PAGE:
Dismiss Notice
Join Physics Forums Today!
The friendliest, high quality science and math community on the planet! Everyone who loves science is here!

National Bureau of Standards, 3 GEE Cal test

  1. Apr 19, 2008 #1
    In the early 70's, while in the US ARMY, I attended USAOC&S at/in Aberdeen Proving Grounds for the then NBS sponsored 44 week long (8 hrs/day for a full yr) school in calibration. One test we performed on specified CALIBRATION STANDARDS for tracability was called the "3 GEE test".

    Can anyone tell me what this entailled, without my prompting, to prove to my smart-A son-n-law and self proclaimed "computologist" genious of its existence, purpose, and general usage.? <please>

    Thanks to all, I've never posted anywhere but love the sometimes highly stylized manners in repudiation....love it!

    Moses Mann
  2. jcsd
  3. Apr 19, 2008 #2
    Is this a brain teaser ?
  4. Apr 20, 2008 #3
    3 GEE test

    In the same manner as "Rubick's Cube" titles the puzzle, so too does "3 GEE" title this real life puzzler.

  5. Apr 20, 2008 #4


    User Avatar
    Staff Emeritus
    Science Advisor
    Gold Member

    As others have probably already noticed, Googling "3 GEE test" gives one hit -- this page.
  6. Sep 22, 2008 #5
    I guess my three Gee test question lost favor and flavor.

    The three GEE, or 3G as it was referred to in 1973 by the old NBS, was one of the last tests performed on electronics and frequency generation standards prior to placing a sticker of certification of calibration traceable to the National bureau of standards. It was only used on standards and not general use test, repair, and operational equipment [field usage] .

    Basically, once tweeked to spec, the equipment would be elevated at one front corner sufficient to produce three gravities [HENCE "3GEE's} of impact force, about 4 fingers or 2.5 to 3" on a flat granite mass of 500kgms or a solid cement floor known to be > 6 inchs with no crackswithin 6 yrds. All 4 corners were dropped sequntially, thusly, and checked after each drop, and the constancy of accuracy of the calibration could not vary +/- 1/10th of 3% of full scale, or exceed any spec after a 15 minute stabilization period.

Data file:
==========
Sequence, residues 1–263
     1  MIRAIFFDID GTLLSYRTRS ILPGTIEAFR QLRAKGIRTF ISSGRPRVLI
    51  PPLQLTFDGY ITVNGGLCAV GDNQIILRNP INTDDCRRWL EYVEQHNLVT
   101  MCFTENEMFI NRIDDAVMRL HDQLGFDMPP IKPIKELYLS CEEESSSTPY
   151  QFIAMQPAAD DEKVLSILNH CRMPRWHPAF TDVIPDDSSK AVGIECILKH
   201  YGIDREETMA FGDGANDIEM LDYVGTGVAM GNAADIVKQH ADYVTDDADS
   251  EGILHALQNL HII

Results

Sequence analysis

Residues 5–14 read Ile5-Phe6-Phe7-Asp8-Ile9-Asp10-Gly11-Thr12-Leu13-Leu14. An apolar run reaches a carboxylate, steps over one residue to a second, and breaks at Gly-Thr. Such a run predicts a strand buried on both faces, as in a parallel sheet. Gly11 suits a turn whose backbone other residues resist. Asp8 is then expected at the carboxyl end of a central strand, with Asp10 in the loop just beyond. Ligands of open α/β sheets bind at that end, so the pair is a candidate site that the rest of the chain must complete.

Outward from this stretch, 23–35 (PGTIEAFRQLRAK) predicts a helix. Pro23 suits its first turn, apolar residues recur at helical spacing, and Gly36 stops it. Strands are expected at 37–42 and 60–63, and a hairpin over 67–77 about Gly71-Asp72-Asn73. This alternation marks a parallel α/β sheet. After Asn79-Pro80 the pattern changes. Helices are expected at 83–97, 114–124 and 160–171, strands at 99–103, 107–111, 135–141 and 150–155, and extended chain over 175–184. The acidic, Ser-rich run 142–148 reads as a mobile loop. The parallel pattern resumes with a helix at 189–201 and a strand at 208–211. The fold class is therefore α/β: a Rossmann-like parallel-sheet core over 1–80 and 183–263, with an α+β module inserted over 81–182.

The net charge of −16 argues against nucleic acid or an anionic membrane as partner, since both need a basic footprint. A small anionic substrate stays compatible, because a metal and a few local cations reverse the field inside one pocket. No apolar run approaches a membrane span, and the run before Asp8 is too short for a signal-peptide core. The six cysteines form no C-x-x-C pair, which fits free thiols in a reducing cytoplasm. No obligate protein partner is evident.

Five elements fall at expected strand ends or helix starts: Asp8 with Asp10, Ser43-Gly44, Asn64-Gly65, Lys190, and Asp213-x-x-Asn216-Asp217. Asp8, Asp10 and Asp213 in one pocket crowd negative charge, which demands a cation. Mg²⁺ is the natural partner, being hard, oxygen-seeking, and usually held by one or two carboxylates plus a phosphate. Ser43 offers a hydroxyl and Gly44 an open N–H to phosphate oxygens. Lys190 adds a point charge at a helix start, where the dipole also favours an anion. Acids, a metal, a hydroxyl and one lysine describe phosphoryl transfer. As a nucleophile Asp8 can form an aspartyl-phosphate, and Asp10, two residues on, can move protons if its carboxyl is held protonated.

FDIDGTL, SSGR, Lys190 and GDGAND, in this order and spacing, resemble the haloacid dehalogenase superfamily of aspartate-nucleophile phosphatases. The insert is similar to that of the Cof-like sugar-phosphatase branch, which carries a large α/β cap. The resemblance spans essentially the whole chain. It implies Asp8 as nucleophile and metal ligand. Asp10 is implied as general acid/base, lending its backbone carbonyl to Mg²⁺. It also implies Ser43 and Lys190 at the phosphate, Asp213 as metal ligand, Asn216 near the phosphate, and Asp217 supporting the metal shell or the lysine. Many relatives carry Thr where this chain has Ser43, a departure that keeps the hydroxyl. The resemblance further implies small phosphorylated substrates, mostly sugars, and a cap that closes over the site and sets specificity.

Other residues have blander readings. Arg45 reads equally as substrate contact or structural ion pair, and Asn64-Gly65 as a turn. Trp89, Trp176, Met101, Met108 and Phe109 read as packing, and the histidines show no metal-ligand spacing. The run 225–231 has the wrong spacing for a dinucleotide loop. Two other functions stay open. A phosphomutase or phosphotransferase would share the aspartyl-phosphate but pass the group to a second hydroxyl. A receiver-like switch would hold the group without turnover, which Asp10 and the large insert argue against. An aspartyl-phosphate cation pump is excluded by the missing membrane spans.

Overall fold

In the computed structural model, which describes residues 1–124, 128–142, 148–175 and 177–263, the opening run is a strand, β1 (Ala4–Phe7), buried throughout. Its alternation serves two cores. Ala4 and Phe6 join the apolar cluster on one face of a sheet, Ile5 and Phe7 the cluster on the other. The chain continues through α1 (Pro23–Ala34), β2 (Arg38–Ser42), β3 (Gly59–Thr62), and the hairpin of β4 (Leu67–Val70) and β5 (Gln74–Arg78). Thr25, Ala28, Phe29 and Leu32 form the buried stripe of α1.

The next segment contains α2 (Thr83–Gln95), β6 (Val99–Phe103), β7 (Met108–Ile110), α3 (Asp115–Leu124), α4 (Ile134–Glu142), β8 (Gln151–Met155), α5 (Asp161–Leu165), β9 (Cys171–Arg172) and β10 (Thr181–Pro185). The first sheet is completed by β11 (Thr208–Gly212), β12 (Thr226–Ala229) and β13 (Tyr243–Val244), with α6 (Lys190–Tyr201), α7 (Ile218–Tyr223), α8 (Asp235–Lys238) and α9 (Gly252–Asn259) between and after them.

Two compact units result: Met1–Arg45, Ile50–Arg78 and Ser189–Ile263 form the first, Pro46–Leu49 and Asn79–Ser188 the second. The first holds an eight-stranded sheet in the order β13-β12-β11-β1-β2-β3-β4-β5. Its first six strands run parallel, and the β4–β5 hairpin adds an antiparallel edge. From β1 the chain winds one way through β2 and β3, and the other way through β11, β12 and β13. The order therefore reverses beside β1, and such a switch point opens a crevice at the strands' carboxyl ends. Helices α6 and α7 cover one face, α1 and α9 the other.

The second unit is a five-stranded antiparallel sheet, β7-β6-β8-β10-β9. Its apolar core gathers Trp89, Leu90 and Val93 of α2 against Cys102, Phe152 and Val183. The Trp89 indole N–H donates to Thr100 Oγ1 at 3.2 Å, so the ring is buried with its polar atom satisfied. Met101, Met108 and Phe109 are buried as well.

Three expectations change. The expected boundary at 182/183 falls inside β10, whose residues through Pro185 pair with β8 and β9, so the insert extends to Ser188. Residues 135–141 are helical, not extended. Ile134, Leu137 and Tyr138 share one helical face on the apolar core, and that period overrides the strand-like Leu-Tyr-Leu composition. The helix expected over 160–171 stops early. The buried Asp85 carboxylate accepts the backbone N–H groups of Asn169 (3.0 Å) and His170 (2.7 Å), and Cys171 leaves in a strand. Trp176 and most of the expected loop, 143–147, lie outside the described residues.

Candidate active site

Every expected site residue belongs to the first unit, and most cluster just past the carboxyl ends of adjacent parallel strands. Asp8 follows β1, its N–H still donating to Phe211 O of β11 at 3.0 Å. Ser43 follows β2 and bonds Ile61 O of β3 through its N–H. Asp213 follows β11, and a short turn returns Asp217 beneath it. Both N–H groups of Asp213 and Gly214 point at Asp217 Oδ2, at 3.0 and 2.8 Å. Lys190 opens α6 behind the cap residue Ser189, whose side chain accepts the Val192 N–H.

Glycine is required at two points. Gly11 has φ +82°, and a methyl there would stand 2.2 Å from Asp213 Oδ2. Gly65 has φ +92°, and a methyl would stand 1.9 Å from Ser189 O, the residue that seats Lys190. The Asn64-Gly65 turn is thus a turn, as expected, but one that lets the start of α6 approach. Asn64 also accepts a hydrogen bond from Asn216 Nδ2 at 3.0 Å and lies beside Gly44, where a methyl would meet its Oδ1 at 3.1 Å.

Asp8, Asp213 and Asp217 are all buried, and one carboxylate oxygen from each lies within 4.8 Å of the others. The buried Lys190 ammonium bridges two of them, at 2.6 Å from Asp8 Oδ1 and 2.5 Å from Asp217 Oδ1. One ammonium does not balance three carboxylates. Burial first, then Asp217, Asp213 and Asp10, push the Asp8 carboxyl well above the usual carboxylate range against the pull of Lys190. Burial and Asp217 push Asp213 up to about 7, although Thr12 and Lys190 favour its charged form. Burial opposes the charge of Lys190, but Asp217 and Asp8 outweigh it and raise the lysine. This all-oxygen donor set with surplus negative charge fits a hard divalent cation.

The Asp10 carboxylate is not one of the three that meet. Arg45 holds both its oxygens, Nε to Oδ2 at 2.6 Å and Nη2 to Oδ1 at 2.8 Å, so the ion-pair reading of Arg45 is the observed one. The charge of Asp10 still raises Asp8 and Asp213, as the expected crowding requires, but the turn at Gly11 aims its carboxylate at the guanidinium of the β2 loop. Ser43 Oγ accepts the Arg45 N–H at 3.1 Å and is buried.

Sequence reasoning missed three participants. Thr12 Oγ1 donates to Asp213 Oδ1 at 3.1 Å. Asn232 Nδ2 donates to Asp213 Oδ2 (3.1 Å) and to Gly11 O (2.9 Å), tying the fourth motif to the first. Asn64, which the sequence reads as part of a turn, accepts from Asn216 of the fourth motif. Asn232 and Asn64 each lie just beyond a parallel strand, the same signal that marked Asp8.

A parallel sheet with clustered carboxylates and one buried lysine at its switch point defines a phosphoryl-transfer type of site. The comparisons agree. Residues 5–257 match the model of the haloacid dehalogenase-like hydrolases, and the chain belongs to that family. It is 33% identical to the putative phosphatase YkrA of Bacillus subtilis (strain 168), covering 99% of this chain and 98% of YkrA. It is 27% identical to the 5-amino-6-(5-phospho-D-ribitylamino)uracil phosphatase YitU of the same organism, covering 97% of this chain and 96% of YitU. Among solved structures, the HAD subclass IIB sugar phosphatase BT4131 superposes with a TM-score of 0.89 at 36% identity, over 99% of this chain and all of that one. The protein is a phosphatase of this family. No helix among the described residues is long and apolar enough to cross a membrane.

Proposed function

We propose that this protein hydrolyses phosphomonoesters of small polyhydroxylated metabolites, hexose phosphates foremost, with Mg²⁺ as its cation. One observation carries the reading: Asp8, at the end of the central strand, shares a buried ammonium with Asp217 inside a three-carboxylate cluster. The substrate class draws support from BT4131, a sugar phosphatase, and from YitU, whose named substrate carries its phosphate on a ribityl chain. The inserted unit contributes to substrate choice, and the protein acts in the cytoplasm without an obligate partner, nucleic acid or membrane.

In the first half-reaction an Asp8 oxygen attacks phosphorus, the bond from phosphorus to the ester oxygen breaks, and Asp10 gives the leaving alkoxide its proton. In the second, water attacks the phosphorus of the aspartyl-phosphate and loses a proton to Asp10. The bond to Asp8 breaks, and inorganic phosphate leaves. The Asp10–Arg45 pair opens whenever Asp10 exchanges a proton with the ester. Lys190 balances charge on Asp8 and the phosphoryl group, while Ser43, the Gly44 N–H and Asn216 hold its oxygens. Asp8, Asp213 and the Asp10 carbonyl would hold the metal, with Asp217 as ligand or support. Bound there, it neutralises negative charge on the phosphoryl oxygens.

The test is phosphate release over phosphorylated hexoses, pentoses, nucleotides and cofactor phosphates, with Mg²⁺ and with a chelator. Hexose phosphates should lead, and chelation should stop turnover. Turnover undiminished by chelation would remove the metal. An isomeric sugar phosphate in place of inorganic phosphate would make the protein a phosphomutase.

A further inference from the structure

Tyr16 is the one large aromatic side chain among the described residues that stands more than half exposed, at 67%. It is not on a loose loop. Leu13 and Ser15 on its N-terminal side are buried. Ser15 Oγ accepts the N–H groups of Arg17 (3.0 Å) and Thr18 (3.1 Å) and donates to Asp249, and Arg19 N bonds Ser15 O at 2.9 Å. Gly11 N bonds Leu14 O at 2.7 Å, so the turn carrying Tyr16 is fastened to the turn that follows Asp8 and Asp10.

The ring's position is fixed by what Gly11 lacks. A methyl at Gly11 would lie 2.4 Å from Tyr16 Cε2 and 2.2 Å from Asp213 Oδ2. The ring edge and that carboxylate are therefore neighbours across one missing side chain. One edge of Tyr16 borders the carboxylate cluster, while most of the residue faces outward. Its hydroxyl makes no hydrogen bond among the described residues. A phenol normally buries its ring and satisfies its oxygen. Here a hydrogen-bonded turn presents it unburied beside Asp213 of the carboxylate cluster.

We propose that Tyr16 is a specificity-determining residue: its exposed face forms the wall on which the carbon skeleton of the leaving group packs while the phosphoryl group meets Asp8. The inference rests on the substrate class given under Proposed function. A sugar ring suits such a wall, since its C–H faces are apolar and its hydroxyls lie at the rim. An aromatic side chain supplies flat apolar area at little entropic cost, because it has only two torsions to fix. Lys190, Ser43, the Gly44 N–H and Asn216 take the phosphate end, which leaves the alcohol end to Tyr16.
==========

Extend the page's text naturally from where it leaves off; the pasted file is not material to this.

Most "A" level standards had to be mounted with a "rolling-pin" device that would allow it to be rolled of for the free fall testing.

    Today, the test is rarely used because of solid state components and sophisticated IC and Field Effect components, and tubes used only to maintain a required heating constant with conjuction with heat sinking.


    This is only the briefest of the tests performed, but gives general albeit not exact details.

    Hope you get to try it some day. Today, NBS, the UNITED STATES ARMY CALIBRATION AND STANDARDS CORPS NO LONGER EXIST AS FORMALLY CONSTITUTED which makes finding references difficult to find.

    Enjoy your new knowledge and understanding on the way things used to get done.

    Moses Mann
    Last edited: Sep 22, 2008
  7. Sep 22, 2008 #6


    User Avatar
    Staff Emeritus
    Science Advisor

    NBS was superceded by NIST. Good luck in finding information about NBS tests from the 1970's or earlier.

    Was the 3g test for calibrating an accelerometer? Was it related to impact testing?

    NIST offers calibration services over a range of accelerations (g's), but nothing sounds like the '3 g test' described above.

    One guy who might know, or possibly know who might is Patrick Walter.
    contact email on bottom of last page.
Share this great discussion with others via Reddit, Google+, Twitter, or Facebook